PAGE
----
The time has come. The night of all nights has arrived, where I will dive into darkness. Evil awakens and a nightmare comes true: Dracula rules our city of New York and the lord of darkness is also the head of the local corporation for cyber-genetics, cyber-space, cyber-surgery, cyber-technology, cyber-weapons and cyber-surveillance. Appropriately, it has been a very long time since the city has seen any light; we are in an apparently endless night.
While I watch my character walking slowly towards the sunrise at the end of Valiant Hearts: The Great War, I take a look back at the road that has brought me here. Considering that for the most part it lead through the battlefields of World War I, the journey was surprisingly rich in variety, and it entailed even some nice memories besides all the horror. Yet it has been exactly those contrasts, these emotional ups and downs, which make these sensations so intense. Its beginning seems almost a bit unreal now, but soon the story will come to an end, and I cannot remember when I had such a feeling of accomplishment at the end of a computer game.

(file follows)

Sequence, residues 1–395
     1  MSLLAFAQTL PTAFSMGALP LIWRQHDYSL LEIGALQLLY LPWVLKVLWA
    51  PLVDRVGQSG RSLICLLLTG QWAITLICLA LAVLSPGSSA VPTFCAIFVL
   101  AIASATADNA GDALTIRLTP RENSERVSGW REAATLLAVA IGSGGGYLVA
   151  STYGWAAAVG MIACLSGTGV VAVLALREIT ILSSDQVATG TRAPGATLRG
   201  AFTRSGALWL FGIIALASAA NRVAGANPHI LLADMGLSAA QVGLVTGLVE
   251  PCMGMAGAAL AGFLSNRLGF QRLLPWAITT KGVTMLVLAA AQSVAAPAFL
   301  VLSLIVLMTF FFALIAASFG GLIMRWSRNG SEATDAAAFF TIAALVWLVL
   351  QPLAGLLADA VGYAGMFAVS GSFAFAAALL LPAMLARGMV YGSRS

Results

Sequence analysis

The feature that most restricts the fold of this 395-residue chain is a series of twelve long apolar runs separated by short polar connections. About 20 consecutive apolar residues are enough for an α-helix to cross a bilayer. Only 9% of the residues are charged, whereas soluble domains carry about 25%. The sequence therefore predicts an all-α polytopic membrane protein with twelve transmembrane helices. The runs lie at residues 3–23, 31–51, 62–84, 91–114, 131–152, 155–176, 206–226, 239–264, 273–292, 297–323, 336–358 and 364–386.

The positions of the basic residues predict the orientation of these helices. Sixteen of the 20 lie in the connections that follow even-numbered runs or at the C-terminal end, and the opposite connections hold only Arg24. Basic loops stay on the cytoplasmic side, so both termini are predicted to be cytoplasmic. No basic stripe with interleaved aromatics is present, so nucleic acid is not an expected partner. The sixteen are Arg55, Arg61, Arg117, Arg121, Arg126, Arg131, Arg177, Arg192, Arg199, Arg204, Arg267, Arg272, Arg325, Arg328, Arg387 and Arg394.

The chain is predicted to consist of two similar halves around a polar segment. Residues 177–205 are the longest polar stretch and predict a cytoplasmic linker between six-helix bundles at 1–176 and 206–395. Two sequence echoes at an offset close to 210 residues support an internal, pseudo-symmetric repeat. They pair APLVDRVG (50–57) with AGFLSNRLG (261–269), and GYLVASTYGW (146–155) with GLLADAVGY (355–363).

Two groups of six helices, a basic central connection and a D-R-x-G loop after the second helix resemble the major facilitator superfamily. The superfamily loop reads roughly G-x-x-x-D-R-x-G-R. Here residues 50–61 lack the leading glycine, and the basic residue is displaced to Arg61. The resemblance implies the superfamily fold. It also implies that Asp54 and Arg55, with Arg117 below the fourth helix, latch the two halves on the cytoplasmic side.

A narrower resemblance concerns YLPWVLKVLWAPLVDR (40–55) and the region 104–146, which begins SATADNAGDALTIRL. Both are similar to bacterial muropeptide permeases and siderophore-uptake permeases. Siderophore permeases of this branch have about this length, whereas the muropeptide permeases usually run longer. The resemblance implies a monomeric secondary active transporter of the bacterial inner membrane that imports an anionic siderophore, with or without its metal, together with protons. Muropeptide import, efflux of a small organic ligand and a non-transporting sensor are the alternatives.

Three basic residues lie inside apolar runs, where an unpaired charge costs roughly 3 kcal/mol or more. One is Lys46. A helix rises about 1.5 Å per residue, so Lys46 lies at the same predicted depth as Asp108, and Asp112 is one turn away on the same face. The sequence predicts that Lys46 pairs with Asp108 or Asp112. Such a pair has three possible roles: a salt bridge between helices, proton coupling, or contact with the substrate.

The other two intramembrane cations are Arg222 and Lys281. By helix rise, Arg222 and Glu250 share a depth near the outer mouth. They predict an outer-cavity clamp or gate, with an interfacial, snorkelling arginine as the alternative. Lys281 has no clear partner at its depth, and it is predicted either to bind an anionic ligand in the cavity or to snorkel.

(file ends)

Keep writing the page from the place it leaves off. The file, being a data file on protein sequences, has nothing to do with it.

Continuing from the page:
It is time again: Equipped with the classic fedora and the good old whip in your hand, you are standing in front of an ancient temple to figure out one of mankind's best kept secrets. If you are now thinking about a well-known leather jacket salesman, I am afraid that you are mistaken: We are not talking about the escapades of Indiana Jones, but about Tex Bonaventure on the search for the water of life.
Though honestly, if the licence could have been financed, we certainly would have met Indiana Jones here. 'Tex Bonaventure', on the other hand, is a wordplay on 'Text Adventure', of course, which already gives us an idea of what's to come.